Sen. Glazer introduces legislation to ban bullet button assault-style rifles

State Senator Steve Glazer, D-Contra Costa, announced Wednesday he introduced legislation to ban rifles with fixed magazines that are easily detached by a mechanism known as the bullet button.

Sen. Glazer is joint author with Sen. Isadore Hall, D-Los Angeles, on the bullet button ban, SB 880.

A bullet button assault-style rifle was used by the shooters who killed 14 people and wounded 21 in the San Bernardino terrorist attack last month.

“This isn’t about hunting or home protection,” said Sen. Glazer. “I believe everyone has a right to hunt and to protect their families from harm in their home. It’s about a mechanism on assault-style rifles whose sole purpose is to allow someone to kill a lot of people quickly.

“We need to make it more difficult for a deranged person to enter a schoolyard, movie theater, or workplace with a rapid fire weapon. This measure is another small but important step in making our communities safer.”

Existing law prohibits the possession or sale of assault weapons and limits magazines to 10 rounds. But a loophole in the law – allowing guns with fixed magazines to be modified with a simple “tool”– has led to the manufacture of assault-style guns with magazines that can be easily detached – contrary to the spirit of the assault-weapon ban. The magazines are equipped with a button that can be pressed by a bullet or other tool to quickly detach the magazine.

Since the magazine requires a tool, the magazine is considered “fixed” and therefore legal.

“For years, gun owners have been able to circumvent California’s assault weapon laws by using a small tool to quickly eject and reload ammunition magazines,” said Senator Isadore Hall. “These types of modifications have no legitimate use for sport hunters or competitive shooters. They are designed only to facilitate the maximum destruction of human life. Such weapons have been used in a number of domestic gun attacks including the recent terrorist attack in San Bernardino that left fourteen Californians dead and 21 injured. SB 880 is an important step to further protect Californians from our nation’s gun violence epidemic.”

The modification has allowed military-style rifles like the AR-15 to proliferate in the state, according to news reports. They’re some of the most popular guns used at gun ranges for target practice.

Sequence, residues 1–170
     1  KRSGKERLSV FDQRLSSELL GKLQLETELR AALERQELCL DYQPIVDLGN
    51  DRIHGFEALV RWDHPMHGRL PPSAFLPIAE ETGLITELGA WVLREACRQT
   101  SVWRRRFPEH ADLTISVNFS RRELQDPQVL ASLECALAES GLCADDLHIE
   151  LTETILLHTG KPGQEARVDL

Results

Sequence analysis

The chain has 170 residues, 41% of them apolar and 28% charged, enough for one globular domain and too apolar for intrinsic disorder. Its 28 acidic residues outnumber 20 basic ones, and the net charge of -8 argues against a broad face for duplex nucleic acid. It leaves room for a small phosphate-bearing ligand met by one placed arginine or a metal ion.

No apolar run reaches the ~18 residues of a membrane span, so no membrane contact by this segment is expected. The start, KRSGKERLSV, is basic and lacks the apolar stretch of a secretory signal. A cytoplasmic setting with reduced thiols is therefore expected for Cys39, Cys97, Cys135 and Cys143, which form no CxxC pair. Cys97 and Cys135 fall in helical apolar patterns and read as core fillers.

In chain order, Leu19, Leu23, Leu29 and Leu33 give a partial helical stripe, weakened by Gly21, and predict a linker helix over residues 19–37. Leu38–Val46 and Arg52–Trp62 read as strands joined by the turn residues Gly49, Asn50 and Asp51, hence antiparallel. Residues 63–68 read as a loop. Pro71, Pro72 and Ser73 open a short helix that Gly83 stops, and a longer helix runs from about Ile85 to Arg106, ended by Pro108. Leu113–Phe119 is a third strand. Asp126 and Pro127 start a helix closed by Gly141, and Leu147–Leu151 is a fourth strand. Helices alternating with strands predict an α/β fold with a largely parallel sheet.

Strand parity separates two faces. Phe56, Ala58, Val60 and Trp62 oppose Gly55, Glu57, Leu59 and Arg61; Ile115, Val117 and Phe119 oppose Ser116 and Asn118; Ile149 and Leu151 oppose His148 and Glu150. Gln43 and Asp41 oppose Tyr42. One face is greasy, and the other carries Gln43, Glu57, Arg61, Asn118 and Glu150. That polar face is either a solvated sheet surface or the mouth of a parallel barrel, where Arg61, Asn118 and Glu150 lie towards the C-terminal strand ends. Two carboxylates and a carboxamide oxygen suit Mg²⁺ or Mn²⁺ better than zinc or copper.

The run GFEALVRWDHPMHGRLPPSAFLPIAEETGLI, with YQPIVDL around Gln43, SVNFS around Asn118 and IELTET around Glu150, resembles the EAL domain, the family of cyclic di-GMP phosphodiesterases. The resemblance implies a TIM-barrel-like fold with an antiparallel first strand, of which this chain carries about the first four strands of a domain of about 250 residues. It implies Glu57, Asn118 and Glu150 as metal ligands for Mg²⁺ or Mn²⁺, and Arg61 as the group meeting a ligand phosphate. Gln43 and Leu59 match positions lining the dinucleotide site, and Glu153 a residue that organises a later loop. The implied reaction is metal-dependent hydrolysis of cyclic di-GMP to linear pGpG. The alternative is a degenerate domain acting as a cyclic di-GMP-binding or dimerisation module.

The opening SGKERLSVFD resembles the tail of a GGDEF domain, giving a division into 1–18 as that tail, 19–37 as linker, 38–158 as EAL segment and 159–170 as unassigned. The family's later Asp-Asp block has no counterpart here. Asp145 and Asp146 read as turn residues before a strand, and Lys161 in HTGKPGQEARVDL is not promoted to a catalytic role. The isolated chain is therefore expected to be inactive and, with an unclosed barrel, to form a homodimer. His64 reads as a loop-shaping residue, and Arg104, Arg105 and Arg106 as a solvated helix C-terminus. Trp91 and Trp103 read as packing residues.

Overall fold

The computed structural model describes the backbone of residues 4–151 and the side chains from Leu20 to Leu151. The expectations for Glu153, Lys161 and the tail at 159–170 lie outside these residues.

“Gun makers have exploited a loophole in the law that expressly prohibits assault weapons in California,” Glazer said. “We’ve seen the horror of these weapons with mass murders. We should not allow weapons that are designed specifically for modern warfare to proliferate on our streets.”

Senator Glazer worked as a senior staffer for Sen. President Pro Tem David Roberti in enacting a ban, in 1989, on assault weapons in California, the first state in the U.S. to do so. As mayor of Orinda, he was a charter member of the national organization, “Mayors Against Illegal Guns.” Glazer represents Antioch and most of Contra Costa County and parts of Alameda County in the State Senate.

2 Comments to “Sen. Glazer introduces legislation to ban bullet button assault-style rifles”

  1. Garth Gelster says:

    There is a lot of “fail” in this article.

    Senator Glaser needs to realize that AR-15 rifles are commonly used for hunting, home defense, competitive shooting and target shooting. These rifle represent a very small percentage of criminal activity using firearms. His legislation will have no impact on violent crime. I can only assume his goals are different than preventing violent crime.

    The article states: ” The magazines are equipped with a button that can be pressed by a bullet or other tool to quickly detach the magazine.” This is not a correct statement and demonstrates a complete lack of understanding of what is being discussed.

    • Garth Gelster says:

      Additionally, it is important to realize the rifles used in the San Bernardino shooting were purchased using a “straw” purchase which is already illegal and the rifles were illegally modified from a legal configuration for California.

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